Abhisit's 'mission impossible' may still kick-start peace process
May 02, 2014 00:00 By Suthichai Yoon
Abhisit Vejjajiva took many by surprise when he declared, almost out of the blue, last week that he was embarking on a new approach to help find a way out of the country's political crisis.
Even some within his opposition Democrat Party weren’t quite sure what their leader was up to. The ruling Pheu Thai Party, while privately expressing satisfaction that one of their arch foes was coming round to their push for another election, was publicly sceptical.
Caretaker Premier Yingluck Shinawatra officially welcomed Abhisit’s gesture but suggested that he should also talk to Suthep Thaugsuban, leader of the People’s Democratic Reform Council (PDRC), to convince him to call off the six-month-old rally.
There was no escaping the fact that unless Abhisit could persuade his former deputy premier and Democrat Party secretary general to join the negotiation process, the Democrat leader’s “new strategy” would be taken as just a “tactical move” rather than a real strategic shift.
Abhisit was at best ambiguous about his new plan – to transform his role from being a party to the conflict, to being a “coordinator” for all parties concerned.
“I can’t keep still anymore,” he declared, and immediately launched the first of a series of meetings with “key players” in the reform process, beginning with Justice Permanent Secretary Kittipong Kittayarak. Abhisit then gave interviews to major newspapers and TV channels before meeting the top brass to discuss his proposed “peace plan”.
But he was far from clear over how he was going about his new mission. He was ready only to say that election and reform must be part and parcel of the proposed plan to put an end to the drawn-out conflict. Critics claim the Democrat leader had gone back on his original condition – that election must come after reform. Now, he was saying that he was more flexible on that condition. “Election must be part of the reform,” he declared. That statement raised more questions that answers, obviously.
For the first time, perhaps, Abhisit said he was ready to talk to his arch-rival Thaksin Shinawatra, via Skype. He said he was open to talks with Premier Yingluck and Thaksin, insisting that the meeting should be broadcast live to minimise the chances of the encounter being used by followers of the two sides to discredit each other.
But Suthep has flatly rejected the introduction of a “middle man” to end the political crisis, declaring in no uncertain terms that nobody – no matter how close they are to him – should try to convince him to join in the talks.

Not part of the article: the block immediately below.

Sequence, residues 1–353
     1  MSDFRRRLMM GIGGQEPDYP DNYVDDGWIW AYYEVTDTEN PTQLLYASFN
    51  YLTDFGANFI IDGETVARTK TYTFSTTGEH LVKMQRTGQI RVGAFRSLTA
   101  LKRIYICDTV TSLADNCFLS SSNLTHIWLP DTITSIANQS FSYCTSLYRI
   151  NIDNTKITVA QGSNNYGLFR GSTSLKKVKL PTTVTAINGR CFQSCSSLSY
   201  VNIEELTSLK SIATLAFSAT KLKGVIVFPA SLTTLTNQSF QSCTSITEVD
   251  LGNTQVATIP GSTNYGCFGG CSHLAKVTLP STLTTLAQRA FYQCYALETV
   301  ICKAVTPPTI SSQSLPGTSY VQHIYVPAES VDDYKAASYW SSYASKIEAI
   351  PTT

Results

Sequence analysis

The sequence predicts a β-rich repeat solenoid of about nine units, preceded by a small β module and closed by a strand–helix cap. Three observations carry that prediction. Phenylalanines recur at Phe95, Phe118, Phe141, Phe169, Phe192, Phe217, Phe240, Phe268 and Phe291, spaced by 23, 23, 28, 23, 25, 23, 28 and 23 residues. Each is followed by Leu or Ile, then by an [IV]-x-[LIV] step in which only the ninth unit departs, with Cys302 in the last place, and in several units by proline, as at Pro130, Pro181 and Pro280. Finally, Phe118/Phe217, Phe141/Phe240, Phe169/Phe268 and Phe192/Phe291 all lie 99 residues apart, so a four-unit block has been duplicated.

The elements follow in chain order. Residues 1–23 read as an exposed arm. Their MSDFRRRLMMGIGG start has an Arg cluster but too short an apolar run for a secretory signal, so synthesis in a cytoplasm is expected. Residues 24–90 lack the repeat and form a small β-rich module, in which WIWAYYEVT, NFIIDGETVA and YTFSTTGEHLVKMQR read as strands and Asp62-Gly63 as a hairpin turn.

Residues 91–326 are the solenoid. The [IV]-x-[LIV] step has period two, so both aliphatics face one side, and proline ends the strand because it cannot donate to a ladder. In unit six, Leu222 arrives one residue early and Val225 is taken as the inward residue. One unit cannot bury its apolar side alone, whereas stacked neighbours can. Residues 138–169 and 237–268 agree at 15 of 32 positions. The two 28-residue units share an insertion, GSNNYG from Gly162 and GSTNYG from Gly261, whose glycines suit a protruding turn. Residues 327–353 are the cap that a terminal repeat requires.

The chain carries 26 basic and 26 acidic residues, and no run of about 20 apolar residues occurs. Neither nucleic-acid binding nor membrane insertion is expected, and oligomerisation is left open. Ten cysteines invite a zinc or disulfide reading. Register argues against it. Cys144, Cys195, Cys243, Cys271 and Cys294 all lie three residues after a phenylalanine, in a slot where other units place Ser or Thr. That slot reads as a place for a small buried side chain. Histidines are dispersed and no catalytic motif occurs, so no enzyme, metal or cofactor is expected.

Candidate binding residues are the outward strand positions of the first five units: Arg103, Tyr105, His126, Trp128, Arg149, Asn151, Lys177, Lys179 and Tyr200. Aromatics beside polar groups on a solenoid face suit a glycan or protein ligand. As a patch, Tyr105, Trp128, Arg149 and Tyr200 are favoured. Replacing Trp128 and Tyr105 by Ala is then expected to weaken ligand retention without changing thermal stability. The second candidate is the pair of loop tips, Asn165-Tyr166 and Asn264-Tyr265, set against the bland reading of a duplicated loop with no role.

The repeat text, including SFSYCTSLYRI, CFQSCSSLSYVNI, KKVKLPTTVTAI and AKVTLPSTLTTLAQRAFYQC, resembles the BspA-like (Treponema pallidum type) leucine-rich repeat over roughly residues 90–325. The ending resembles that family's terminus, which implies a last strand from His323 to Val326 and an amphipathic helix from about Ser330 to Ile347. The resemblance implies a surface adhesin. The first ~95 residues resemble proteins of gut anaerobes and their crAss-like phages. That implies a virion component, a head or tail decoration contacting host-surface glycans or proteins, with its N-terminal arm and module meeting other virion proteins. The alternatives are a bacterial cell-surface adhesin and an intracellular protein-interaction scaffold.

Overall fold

“The PDRC has one clear condition: Whatever the proposed solution, Thaksin and his clan and his regime must be ejected from politics. If that’s not on the agenda, forget it,” Suthep said. He didn’t mention Abhisit by name, but it was obvious that he was issuing a thinly-veiled warning to his former boss to refrain from striking a deal with the government for a new election, after the PDRC’s intervention resulted in the Constitutional Court rendering the February 2 ballot invalid.
Reactions to Abhisit’s move have been mixed. Interestingly enough, even Premier Yingluck has come out to ask the public to give the opposition leader a chance to launch a “roadshow”. She probably believes Abhisit has finally come round to the idea of getting the Democrat Party back to the polling booths.
But she might be wrong – or at least partly wrong. Abhisit’s meeting with members of the Election Commission on Tuesday ended with a general agreement that the election could be held only if some firm commitment on reform from all parties concerned was given.
Abhisit has yet to meet Yingluck. He will have to come face to face with Suthep to complete his round of talks with all stakeholders in the conflict.
At best this is a “mission impossible” for Abhisit. He insists he won’t give up, despite all the obstacles and scepticism. His mission may be aborted but Abhisit will leave a trace to be followed. It won’t be a lost cause. Nor will it be a total waste.
Abhisit can never hope to be seen as an “honest broker”, but if he can start the “peace process” rolling, he will have made a significant contribution towards preventing the outbreak of violence at this very fragile juncture.